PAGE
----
I looked at the misplaced flowers around the outside edge of the tree. I hadn’t considered them before. Any messages Ian might have hidden in them would’ve been destroyed by incorrect placement. Maybe if I placed them in the correct order, a new message would appear.

I was about to rearrange them but stopped myself. What if they were already arranged in a message? Would Ian have done that at the expense of the picture looking completely wrong? It didn’t make much sense, but I went with it. I pictured the names of the flowers in my mind, ordering them according to the drawing. But no message appeared.

Then something occurred to me. Maybe it wasn’t the first letters of the flowers spelling something this time. Maybe it was the last.

I went back through the flower names in my head again but in reverse order this time.

There was a message. It was backward.

It wasn’t in English, though. It was French. It said Lena n’est pas Lena.

Translation: Lena is not Lena.

Slowly, my eyes crept over to Lena. She stood with arms crossed, looking at me, then back to the flowers. What was going on?

Her eyes perked up. “What? Did you find another message?”

Until I understood what it meant, I wasn’t about to tell her. “No.”

“Then why are you still looking at it? Obsessed much?”

I smirked at her then turned back to the drawing, letting her assume she was correct.

Searching through more of the out-of-place flowers around the outside edge, I found another French word, but not one I knew. The words after it were familiar, though. They translated to, …is the killer.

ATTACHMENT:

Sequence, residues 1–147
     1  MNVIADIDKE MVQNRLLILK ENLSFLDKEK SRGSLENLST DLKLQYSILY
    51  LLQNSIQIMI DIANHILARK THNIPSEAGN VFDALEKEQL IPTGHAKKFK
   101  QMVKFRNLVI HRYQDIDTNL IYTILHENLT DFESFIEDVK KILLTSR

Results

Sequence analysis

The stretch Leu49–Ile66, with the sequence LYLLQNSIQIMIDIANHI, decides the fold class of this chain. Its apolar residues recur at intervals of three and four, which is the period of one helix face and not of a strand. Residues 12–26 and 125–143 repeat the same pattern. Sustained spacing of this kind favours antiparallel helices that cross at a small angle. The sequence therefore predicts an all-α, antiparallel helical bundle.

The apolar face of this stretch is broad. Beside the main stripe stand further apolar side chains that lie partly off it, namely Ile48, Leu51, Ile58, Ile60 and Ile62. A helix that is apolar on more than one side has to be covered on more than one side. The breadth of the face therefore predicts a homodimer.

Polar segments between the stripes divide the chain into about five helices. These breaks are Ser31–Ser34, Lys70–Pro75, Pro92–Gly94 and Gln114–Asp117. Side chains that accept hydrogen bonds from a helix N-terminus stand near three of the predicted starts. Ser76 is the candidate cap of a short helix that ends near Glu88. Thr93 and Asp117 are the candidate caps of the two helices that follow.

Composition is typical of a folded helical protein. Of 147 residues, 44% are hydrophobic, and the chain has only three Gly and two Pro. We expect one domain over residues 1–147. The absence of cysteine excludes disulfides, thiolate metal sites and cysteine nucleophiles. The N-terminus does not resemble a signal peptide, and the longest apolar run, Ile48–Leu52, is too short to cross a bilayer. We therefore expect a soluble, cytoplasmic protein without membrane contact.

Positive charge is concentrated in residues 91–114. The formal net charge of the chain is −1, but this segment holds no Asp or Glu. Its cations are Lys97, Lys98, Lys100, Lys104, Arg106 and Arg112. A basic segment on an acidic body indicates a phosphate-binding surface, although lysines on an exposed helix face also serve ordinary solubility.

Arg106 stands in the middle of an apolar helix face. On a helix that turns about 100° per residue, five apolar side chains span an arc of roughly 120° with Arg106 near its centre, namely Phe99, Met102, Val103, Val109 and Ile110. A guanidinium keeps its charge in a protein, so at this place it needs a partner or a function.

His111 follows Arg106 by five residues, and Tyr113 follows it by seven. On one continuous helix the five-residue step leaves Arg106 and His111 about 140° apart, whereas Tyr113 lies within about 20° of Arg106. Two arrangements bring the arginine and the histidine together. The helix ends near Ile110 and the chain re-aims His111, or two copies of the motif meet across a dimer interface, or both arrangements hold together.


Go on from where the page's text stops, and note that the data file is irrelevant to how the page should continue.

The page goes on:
I swallowed hard.

What was that first word? A-M-A-T-H-E. French was very familiar to me, but not this word. Maybe I’d gotten one letter out of order. I started to ask Lena but stopped myself. A bad feeling crept up inside of me.

I frowned at a geranium hanging upside-down in this sequence. Before, I’d assumed this was just a hasty mistake made by Lena when she’d hung the sheets of paper. But was it? If someone wanted to put a G in the message, last letters wouldn’t work, because no flower ended with the letter G. Had they flipped the Germanium upside-down to use the G instead of its last letter, M?

When I replaced the M with the G, a pang of fear grabbed at my chest. It was a French name. Agathe. I knew that name. The message read Agathe is the killer.

I turned away from the drawings, shrugging, and walked toward Lena as if I were done. “Oh, well.” I kept my expression calm. Controlled. “Your sister was captured by Hunters when my father and the others found you, right?”

She nodded slowly. “Yes.”

“She was a little younger than you, right?”

“No.” Lena shook her head slowly. “We were twins.”


Her eyebrow arched. “Why are you suddenly interested in my sister?” She looked at the flower drawings, then back to me.

“No reason.” I kept my body still so its movements wouldn’t give away the lie. “I just hadn’t thought about her in a long time.”

Lena’s expression shifted suddenly to nonchalance. “So, are you ready to…uh…do your thing?”

Three months ago, we’d seen Lena attacked in the junkyard. She had a cracked skull and no memory. Her personality had completely changed. Her accent was thicker. She couldn’t use her powers anymore.

I watched Lena carefully. “Lena, what was your sister’s name?”

She leveled a gaze at me, eyes narrowing slightly. “Agathe.”

A thousand spider-like chills crawled up my spine. It wasn’t Lena standing across from me.

It was Agathe.